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Michel Madore

Psychedelic/Space Rock

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Michel Madore Le Komuso à Cordes  album cover
3.68 | 17 ratings | 3 reviews | 12% 5 stars

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Studio Album, released in 1976

Songs / Tracks Listing

Side 1
1. Mac (7:21)
2. Ballade (3:52)
3. Avant-dernière (7:31)

Side 2
1. Stanley (3:56)
2. Rush (6:07)
3. Juggernaut (9:21)
4. Bâli (2:00)

Total Time: 40:08

Line-up / Musicians

- Michel Madore / 12 strings guitar, arp solina, string ensemble, arp pro-solist, synthesizer, cymbalon, singing string, ocarina, carillo, EMS synth, piano
- Ron Proby / acoustic & electric soprano saxophone, ocarina, minimoog, eminent,
- Mathieu Léger / drums, tubular bells, gongs, percussions
- Philippe Beck / acoustic piano, Fender Rhodes
- Errol Walters / Upright bass, electric bass
- Fernand Durand / electric bass (Juggernaut)

Thanks to Sean Trane for the addition
and to ProgLucky for the last updates
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MICHEL MADORE Le Komuso à Cordes ratings distribution

(17 ratings)
Essential: a masterpiece of progressive rock music(12%)
Excellent addition to any prog rock music collection(53%)
Good, but non-essential (29%)
Collectors/fans only (6%)
Poor. Only for completionists (0%)

MICHEL MADORE Le Komuso à Cordes reviews

Showing all collaborators reviews and last reviews preview | Show all reviews/ratings

Collaborators/Experts Reviews

Review by Sean Trane
4 stars Madore 's debut album is a gentle affair that is rather difficult to classify, unless broad-brushing between Oldfield's Tubullar Bells and JM Jarre's Oxygène, but at times it sounds like a quiet Gong (the sedated RGI line-ups), the whole thing taking on a special space rock full of phasers and other electronic effects. Behind the superb and intriguing artwork, lays an assembled band that plays tight enough, but only drummer Mathieu Leger (ex-Lasting Weep and future Orchestre Sympathique) stands out with his superb and constant rolls.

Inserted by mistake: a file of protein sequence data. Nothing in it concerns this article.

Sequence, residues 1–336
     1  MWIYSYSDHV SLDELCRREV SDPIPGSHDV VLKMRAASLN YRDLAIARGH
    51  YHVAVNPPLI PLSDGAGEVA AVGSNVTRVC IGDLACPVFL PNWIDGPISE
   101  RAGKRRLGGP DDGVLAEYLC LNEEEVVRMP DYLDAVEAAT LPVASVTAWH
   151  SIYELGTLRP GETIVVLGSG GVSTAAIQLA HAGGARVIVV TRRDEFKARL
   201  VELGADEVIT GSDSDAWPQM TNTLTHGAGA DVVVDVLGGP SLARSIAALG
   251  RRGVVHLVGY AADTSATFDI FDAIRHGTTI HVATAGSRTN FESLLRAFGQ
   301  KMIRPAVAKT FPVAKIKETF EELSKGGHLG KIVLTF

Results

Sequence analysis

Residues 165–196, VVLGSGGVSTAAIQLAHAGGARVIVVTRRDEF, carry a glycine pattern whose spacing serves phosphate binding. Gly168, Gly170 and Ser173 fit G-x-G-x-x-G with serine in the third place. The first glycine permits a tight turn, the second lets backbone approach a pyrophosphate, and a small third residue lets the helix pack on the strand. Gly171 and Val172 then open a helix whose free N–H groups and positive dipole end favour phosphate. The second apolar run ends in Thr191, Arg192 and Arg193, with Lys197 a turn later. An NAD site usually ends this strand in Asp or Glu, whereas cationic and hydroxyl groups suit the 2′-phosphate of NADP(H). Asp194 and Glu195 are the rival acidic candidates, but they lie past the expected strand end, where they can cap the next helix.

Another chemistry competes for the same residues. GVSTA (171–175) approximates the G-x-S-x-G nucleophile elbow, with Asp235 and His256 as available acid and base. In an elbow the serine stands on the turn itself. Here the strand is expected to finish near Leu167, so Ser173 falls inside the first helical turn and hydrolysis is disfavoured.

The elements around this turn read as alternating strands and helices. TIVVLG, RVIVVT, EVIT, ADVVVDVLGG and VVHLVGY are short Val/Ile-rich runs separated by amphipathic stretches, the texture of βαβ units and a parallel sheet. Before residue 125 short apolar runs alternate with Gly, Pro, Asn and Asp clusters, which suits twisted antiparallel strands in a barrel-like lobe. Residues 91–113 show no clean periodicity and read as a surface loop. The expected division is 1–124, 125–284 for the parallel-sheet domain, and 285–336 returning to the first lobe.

Mac has a bit of GonG, more in the ambiance than in the pure zaniness, but sets the tone for the album to come. Closing up the first side is the lengthy Avant Dernière (second last), which claims a certain serenity that propulses into positive thinking, even if some of the sound effects can seem quite dated.

Highlighting the flipside is Rush, again is a bit reminiscent of GonG's isle of everywhere, but breathing its own life. The aptly titled Juggernaut (its almost 10-mins length) is a jewel of space rock that hovers the flying teapots and electric cheeses. Excellent stuff. The short Bali is fitting the album mould with haunting bells and birdsongs aerial synth lines and Madore's haunting 12-string guitar; a fitting close to the album.

Unfortunately, both of Michel Madore's albums have yet to receive a Cd reissue, but something tells me that either XXI or ProgQuebec should indeed one day get interested in them. In the meantime, Madore's two vinyl albums remains accessible (both musically and price-wise), and it shouldn't cost you that much to get acquainted with the man's works, which are much worth the discovery, this one in particular.

Review by apps79
SPECIAL COLLABORATOR Honorary Collaborator